S Dillon Ripley, the former secretary of the Smithsonian Institution, theorised that Sundarbans tigers may have learnt from fishermen to associate people with food. An ancient fishing method in Sundarbans is to string your net across a narrow creek and wait for the fish to become caught in it as the tide recedes. Perhaps, Ripley suggested, the tigers learnt to raid the fishermen’s nets, and so learned to seek out the fishermen and their boats. Perhaps the fishy smell also attracts the tigers.
So what do ground level statistics suggest ? Had tigers being man-eaters and actively sought out human-beings then number of human deaths would have been in thousands over the years. An estimate provided by the forest department claims that 410 people were attacked by tigers between 1985 and 2010, leaving just 95 survivors. Yes there are deaths that go unreported but even if we consider an equal number (to those that get reported ) or more , then also it is not established that Sunderban tigers are man-eaters!!
On the contrary the deaths caused by tigers are primarily due to the classical case of human-tiger conflict that is prevalent across the country. Humans enter forests seeking honey (though officially they are allowed for two months only) , they are engaged in fishing (as explained above) and also seek out crabs near the banks . Again we have situations where people without valid permits and documents enter the forests and also they do not restrict themselves to the permitted zones!! Sunderbans has the distinction of most number of attacks on humans by tigers but that is more due to the continuous conflict situations arising out of livelihood compulsions that force people to venture into the forests. Yes tigers enter villages and one can see big nets being used along the banks of forest islands that are directly opposite or close to human settlement but it cannot be inferred that Sunderban tigers are habitual man-eaters.
Picture : A Sunderban Tigress (Niladri Kundu)
Wildlife Institute of India, Dehradun conducted a DNA Haplotyping and Fragment Analysis study to determine the genetic pattern of Tigers. Haplotypes are a set of closely linked genetic markers present on one chromosome which tend to be inherited together. When the DNA haplotypes of the Sundarban tigers were compared with that of tigers of Madhya Pradesh & Maharashtra (Pench, Kanha, Tadoba, Nagzira), the pattern was found to be identical. Interestingly, the study points out that Central Indian Tigers and Sundarban Tigers have the same ancestors, the latter have been found to be different genetically from North Indian Tigers (Corbett NP). There was highest population differentiation between the Royal Bengal Tigers and the Tigers from North of India which proves that the Sundarban Tigers are genetically more close to the Central India big cat population.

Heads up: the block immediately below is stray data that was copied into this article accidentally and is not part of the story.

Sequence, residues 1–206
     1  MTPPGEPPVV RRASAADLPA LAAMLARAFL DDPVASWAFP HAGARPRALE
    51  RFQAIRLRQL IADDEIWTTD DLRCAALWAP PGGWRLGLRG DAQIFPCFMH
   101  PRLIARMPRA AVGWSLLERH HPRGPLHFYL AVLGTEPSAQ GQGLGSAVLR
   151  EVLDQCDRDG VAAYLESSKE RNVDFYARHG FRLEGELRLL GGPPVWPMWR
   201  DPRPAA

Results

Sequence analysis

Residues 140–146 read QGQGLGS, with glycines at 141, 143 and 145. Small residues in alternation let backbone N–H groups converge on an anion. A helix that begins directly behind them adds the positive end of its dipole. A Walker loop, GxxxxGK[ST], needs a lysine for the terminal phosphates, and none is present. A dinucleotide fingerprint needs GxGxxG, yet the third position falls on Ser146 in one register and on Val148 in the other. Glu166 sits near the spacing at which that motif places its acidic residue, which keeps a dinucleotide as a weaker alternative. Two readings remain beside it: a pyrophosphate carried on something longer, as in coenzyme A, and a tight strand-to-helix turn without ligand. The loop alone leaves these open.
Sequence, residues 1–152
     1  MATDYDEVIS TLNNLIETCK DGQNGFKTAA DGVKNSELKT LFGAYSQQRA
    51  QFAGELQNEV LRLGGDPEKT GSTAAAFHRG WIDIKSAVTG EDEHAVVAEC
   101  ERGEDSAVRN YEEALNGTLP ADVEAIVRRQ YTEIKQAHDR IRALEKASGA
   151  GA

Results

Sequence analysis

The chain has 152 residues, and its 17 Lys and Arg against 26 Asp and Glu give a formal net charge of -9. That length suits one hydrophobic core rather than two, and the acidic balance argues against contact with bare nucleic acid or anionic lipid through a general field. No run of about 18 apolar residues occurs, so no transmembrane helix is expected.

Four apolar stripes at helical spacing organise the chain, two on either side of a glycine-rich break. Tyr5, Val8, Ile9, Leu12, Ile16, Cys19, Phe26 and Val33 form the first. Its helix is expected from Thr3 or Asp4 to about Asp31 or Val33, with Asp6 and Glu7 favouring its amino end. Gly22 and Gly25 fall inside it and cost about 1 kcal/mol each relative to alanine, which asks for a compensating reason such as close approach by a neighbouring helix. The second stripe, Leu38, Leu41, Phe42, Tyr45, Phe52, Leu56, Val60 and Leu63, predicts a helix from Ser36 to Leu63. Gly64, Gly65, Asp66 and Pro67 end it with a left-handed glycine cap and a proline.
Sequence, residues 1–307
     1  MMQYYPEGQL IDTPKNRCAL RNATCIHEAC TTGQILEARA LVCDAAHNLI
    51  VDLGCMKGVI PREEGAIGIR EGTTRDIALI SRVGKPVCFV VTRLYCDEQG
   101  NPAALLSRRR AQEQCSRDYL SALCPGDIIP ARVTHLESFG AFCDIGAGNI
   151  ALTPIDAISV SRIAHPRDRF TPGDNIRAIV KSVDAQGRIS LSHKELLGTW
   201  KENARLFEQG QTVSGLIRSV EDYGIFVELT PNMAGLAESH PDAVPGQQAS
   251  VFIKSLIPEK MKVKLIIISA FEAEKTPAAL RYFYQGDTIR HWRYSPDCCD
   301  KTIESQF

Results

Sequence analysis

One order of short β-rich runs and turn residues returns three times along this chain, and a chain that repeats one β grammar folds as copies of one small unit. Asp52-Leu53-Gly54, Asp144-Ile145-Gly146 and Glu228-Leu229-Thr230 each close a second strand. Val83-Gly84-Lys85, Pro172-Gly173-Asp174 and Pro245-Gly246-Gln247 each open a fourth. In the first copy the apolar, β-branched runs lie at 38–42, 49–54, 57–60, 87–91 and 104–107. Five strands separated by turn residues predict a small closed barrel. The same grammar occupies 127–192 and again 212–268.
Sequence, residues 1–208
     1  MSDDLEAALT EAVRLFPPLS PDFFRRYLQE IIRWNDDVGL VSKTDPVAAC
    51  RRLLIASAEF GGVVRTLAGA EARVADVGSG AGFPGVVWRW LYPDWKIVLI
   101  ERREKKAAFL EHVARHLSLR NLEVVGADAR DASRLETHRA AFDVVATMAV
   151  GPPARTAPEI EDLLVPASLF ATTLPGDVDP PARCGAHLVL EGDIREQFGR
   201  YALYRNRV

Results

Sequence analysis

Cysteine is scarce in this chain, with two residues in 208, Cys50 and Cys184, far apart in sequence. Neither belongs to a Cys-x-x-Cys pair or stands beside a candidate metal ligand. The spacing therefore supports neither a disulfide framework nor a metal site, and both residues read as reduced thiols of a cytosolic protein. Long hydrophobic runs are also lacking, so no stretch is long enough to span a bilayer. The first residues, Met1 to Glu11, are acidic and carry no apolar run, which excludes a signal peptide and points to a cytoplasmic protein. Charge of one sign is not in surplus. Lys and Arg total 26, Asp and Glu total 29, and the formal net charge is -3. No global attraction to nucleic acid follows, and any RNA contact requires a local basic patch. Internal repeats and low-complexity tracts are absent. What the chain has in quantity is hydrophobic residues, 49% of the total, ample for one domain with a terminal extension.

The Scientists say that the Bengal Tigers are actually an isolated population of the Central Indian Tigers. The separation occurred between 300 and 1000 years ago due to historical events, human pressure and land-use patterns. The study definitely opens new doors of exploration for scientists to ascertain the evolutionary history of all separate populations of Tigers in India. There is a need to further analyse the history to understand when the separation of the Sundarban Tiger Population occurred. It also shows how humans have been responsible in a major way separating these Tiger populations.
“Let the Tiger become a rallying point, a compass to lead us away from our impending ecological doom.”
About the Author
Diptarka is a postgraduate in Zoology, from the University Of Calcutta. He is an avid wildlife and nature lover and is interested in working for wildlife conservation in the near future.
Editing by Niladri Kundu